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opposition 'co-operating in their own demise'
Sebastien Berger and Peta Thornycroft, The Telegraph
September 20, 2007
have been accused of "co-operating in their own demise"
after they reached agreement with President Robert Mugabe's regime
on major constitutional
Under the landmark
deal, Mr Mugabe's power to appoint 30 MPs has been abolished and
the number of parliamentary seats will be raised from 120 to 210.
An electoral commission
consisting entirely of the President's allies will draw up these
constituencies. They could seize the opportunity to rig the new
seats in favour of the ruling Zanu-PF party before presidential
and parliamentary polls due in March.
of the divided Movement for Democratic Change (MDC) have agreed
to this. They have also endorsed a key amendment of the constitution
which allows parliament - where Mr Mugabe's allies have a majority
- to choose his successor if he dies or retires. Previously, this
would have triggered an election.
Securing this amendment
was one of Mr Mugabe's longstanding ambitions. The MDC has now agreed
to support it in parliament.
Jonathan Moyo, a former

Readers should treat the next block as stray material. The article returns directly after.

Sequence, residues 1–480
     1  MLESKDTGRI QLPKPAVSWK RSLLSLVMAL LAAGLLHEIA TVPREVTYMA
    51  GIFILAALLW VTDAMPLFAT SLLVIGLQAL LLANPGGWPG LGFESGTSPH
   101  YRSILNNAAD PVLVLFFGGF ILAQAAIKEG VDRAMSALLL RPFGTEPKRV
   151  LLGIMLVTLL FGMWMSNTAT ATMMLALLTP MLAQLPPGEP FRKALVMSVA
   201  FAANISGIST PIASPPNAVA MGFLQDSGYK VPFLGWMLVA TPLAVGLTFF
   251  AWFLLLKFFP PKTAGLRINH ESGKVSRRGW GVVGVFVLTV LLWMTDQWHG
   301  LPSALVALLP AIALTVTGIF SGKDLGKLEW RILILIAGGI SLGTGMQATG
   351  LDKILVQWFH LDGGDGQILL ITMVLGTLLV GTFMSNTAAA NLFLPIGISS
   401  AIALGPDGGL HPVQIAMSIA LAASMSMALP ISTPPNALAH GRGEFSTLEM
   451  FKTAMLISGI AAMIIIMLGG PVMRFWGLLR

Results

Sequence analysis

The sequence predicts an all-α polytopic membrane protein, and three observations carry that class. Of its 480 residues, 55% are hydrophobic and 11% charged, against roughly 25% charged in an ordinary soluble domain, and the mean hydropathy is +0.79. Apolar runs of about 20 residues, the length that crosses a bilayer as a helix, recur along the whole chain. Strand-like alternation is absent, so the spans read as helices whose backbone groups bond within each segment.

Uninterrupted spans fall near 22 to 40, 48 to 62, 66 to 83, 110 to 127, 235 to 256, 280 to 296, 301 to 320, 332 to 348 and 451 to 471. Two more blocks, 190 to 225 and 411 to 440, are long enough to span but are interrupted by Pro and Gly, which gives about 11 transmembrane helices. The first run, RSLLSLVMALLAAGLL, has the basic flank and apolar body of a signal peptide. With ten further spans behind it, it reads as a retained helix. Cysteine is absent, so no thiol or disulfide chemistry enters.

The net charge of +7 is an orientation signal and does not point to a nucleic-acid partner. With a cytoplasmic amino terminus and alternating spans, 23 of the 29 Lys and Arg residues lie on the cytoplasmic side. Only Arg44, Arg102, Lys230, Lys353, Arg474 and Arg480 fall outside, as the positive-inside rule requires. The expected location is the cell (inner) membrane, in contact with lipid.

cabinet minister who now sits as an independent opposition MP, said
the reforms would "give Mugabe a new lease of life". He
added: "We don't need 90 new constituencies as we have a dramatically
declining population with people leaving the country and deaths
A scathing commentary
carried on the ZW-News website, which is normally aligned with the
MDC, said: "By failing to put up even ultimately futile arguments
against the Bill in parliament, they have done precisely what the
government desires. They have begun the process - however unwittingly
- of cooperating in their own demise."
"Glaring by its
omission is any mention of the comprehensively rigged voters's roll,
the totally biased electoral apparatus and election courts, and
the various Zanu-PF controlled militias that make any talk of free
and fair elections a sick joke."
The agreement was reached
during talks in South Africa's capital, Pretoria, mediated by President
Thabo Mbeki. The MDC hopes to replace Zimbabwe's current election
commission with an independent body. They also want to agree an
entirely new consitution.
But having conceded these
key changes, the MDC has been left with minimal bargaining power.
Critics say the MDC has
been co-opted into lending legitimacy to Mr Mugabe's regime. The
opposition's key negotiators were Prof Welshman Ncube and Tendai
Biti, who represent both wings of the divided party. Mr Biti has
difficult relations with his superior, Morgan Tsvangirai, leader
of one MDC faction.
These divisions mean
that Mr Mugabe has little to fear from the coming election. Both
factions of the MDC may stand against one another, splitting the
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